In today's Freedom Friday blog and email newsletter, I want to discuss an issue related to the topics from the last two weeks. In last week's Freedom Friday blog and email newsletter, I talked about how to fire an employee in your small business. The week before I talked about hiring your first employee. In this week's Freedom Friday blog and email newsletter, I want to talk more about something I addressed last week and in the week prior, and that is, “What is the difference between an employee and an independent contractor?” Like I said last week and the week prior if you hire someone, and they are a 1099 contractor, they are an independent contractor, and NOT an employee. There is no such thing as a “1099 employee.” As a small business owner, you either hire someone as an independent contractor, and give them a 1099 for tax purposes, or you hire them as an employee, and give them a W-2 for tax purposes. But this begs the question I am answering today, “What is the difference between an employee and an independent contractor?”
First of all, what is an employee? Employees are hired to fulfill a defined role and perform specific tasks. Employees work regular hours, receive paychecks with tax deductions, and are generally protected by anti-discrimination laws. If your small business is their employer, your business controls what they do for your business, and also where, when, and how they perform those duties.
On the other hand, an independent contractor is hired to provide your small business with a certain result, but he or she will control how that result is accomplished. Independent contractors should use their own tools, set their own work hours, and invoice your small business for their work. You will pay some independent contractors by the project, but some will charge an hourly rate. Independent contractors are not protected by discrimination laws, and they are not eligible for overtime, medical coverage, or unemployment benefits.
Failing to properly classify your workers as employees or independent contractors can get your small business in trouble and expose you and your small business to liability. In Oklahoma, not only can this issue create tax liability, but it also can be a violation of Oklahoma's workers compensation laws. You may also find your small business in costly litigation if you did not classify your workers correctly. Here are six (6) factors to consider to correctly classify a worker as an independent contractor or an employee:
1. Tools, Materials & Equipment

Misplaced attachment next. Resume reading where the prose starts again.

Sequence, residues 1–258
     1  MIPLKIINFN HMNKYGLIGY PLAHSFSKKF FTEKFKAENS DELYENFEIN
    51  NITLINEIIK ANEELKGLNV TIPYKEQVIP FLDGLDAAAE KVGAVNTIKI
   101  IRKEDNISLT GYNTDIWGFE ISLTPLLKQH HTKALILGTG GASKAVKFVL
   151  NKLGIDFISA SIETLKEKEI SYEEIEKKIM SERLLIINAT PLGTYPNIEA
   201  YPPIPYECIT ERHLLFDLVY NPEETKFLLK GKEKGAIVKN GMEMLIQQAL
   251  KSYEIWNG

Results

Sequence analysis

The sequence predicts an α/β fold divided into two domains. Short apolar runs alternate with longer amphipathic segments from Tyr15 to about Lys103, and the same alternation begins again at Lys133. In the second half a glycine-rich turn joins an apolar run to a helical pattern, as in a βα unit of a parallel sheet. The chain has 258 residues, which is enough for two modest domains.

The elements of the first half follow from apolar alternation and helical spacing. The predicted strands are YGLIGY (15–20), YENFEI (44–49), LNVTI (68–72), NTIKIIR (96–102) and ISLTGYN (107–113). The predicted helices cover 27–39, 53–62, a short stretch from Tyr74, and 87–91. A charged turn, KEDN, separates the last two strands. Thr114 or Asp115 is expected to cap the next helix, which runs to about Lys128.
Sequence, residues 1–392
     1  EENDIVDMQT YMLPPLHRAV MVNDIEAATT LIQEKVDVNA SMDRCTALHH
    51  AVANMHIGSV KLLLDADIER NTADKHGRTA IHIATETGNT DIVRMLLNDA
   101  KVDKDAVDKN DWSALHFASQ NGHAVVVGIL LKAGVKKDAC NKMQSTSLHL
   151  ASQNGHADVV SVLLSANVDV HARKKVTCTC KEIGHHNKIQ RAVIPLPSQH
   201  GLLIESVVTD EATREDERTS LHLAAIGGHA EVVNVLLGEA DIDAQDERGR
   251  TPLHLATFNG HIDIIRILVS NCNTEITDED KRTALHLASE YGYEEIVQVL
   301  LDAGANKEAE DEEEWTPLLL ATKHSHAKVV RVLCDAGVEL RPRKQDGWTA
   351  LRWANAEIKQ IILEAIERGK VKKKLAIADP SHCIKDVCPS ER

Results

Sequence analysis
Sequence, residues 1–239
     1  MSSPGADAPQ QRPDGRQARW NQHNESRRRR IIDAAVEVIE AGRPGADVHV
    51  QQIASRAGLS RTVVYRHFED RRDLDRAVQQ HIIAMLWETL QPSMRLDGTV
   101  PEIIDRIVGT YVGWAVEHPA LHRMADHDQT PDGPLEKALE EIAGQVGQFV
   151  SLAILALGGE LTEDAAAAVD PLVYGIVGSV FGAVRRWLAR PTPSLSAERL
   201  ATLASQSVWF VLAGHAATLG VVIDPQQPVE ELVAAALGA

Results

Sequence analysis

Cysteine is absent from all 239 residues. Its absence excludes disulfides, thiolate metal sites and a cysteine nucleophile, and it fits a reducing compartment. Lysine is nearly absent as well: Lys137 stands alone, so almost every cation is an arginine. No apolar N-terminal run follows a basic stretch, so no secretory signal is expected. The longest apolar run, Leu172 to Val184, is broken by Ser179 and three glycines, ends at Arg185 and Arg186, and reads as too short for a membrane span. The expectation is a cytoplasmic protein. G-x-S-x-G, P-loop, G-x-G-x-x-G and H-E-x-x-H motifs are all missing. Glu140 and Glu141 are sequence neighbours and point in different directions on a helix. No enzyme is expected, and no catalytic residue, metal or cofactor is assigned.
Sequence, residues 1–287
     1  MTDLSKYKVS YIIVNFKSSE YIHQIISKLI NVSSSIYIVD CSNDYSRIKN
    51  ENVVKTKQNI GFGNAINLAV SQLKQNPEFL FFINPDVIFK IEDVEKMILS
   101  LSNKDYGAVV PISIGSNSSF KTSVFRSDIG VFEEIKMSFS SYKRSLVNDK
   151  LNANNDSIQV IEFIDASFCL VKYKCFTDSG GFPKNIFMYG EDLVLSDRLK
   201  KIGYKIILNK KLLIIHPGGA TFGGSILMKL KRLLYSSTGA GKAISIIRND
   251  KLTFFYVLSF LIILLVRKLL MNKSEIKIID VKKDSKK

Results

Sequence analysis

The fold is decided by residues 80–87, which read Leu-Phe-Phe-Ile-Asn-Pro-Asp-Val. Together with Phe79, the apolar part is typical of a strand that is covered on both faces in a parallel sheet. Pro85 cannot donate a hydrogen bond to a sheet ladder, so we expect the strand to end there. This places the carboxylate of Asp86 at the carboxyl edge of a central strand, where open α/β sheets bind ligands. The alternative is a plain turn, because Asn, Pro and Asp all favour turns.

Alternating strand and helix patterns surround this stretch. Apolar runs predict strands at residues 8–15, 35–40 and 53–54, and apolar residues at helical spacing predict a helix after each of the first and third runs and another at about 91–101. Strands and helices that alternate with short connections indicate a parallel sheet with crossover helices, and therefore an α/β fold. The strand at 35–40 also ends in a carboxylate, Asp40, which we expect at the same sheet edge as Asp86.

The first factor you should consider in correctly classifying a worker as an independent contractor or an employee is tools, material, and equipment. As previously discussed, independent contractors should provide their own tools, but you will have to provide tools, material, and equipment to employees. While your small business might allow an independent contractor to use some tools, materials, or equipment, if you require them to only your tools, materials, or equipment, then they probably are an employee and not an independent contractor.
2. How & When the Work is Done
The second factor you should consider in correctly classifying a worker as an independent contractor or an employee is how and when the work is done. Independent contractors are generally free to decide how and when the work is done. There may be an agreement as to a project deadline, but someone who is required to work certain hours, at a specific location, or work on a task in a specific manner is probably an employee and not an independent contractor.
The third factor you should consider in correctly classifying a worker as an independent contractor or an employee is training. Your small business should not need to train an independent contractor how to do their job, but you will likely have to train an employee.
4. Can the Worker Provide Services to Others?
The fourth factor you should consider in correctly classifying a worker as an independent contractor or an employee is can the worker provide services to others. An independent contractor can provide services to others, but employees are typically restricted to perform one kind of work to a specific employer.
The fifth factor you should consider in correctly classifying a worker as an independent contractor or an employee is invoicing. Independent contractors should submit invoices to your small business in order to receive payment for their services. An employee will usually receive a regular salary or wage and also will usually need to submit his or her time or work hours in order to be paid by their employer.
6. Is the Worker Permanent & Dependent?
Lastly, the sixth factor you should consider in correctly classifying a worker as an independent contractor or employee is whether the worker is permanent and dependent. Independent contractors are typically hired for specific projects, rather than for an indefinite period of time. However, employees are usually dependent on your small business as the sole source of their income. Independent contracts are usually free to offer their services to other clients, so they should not be dependent on your small business for their livelihood.
If you are interested in starting a small business anywhere in Oklahoma, or you are interested in taking your small business to the next level, please contact me at [email protected] to schedule a FREE strategy session.
For more information about Liberty Legal Solutions, LLC, please visit our website at http://www.libertylegalok.com/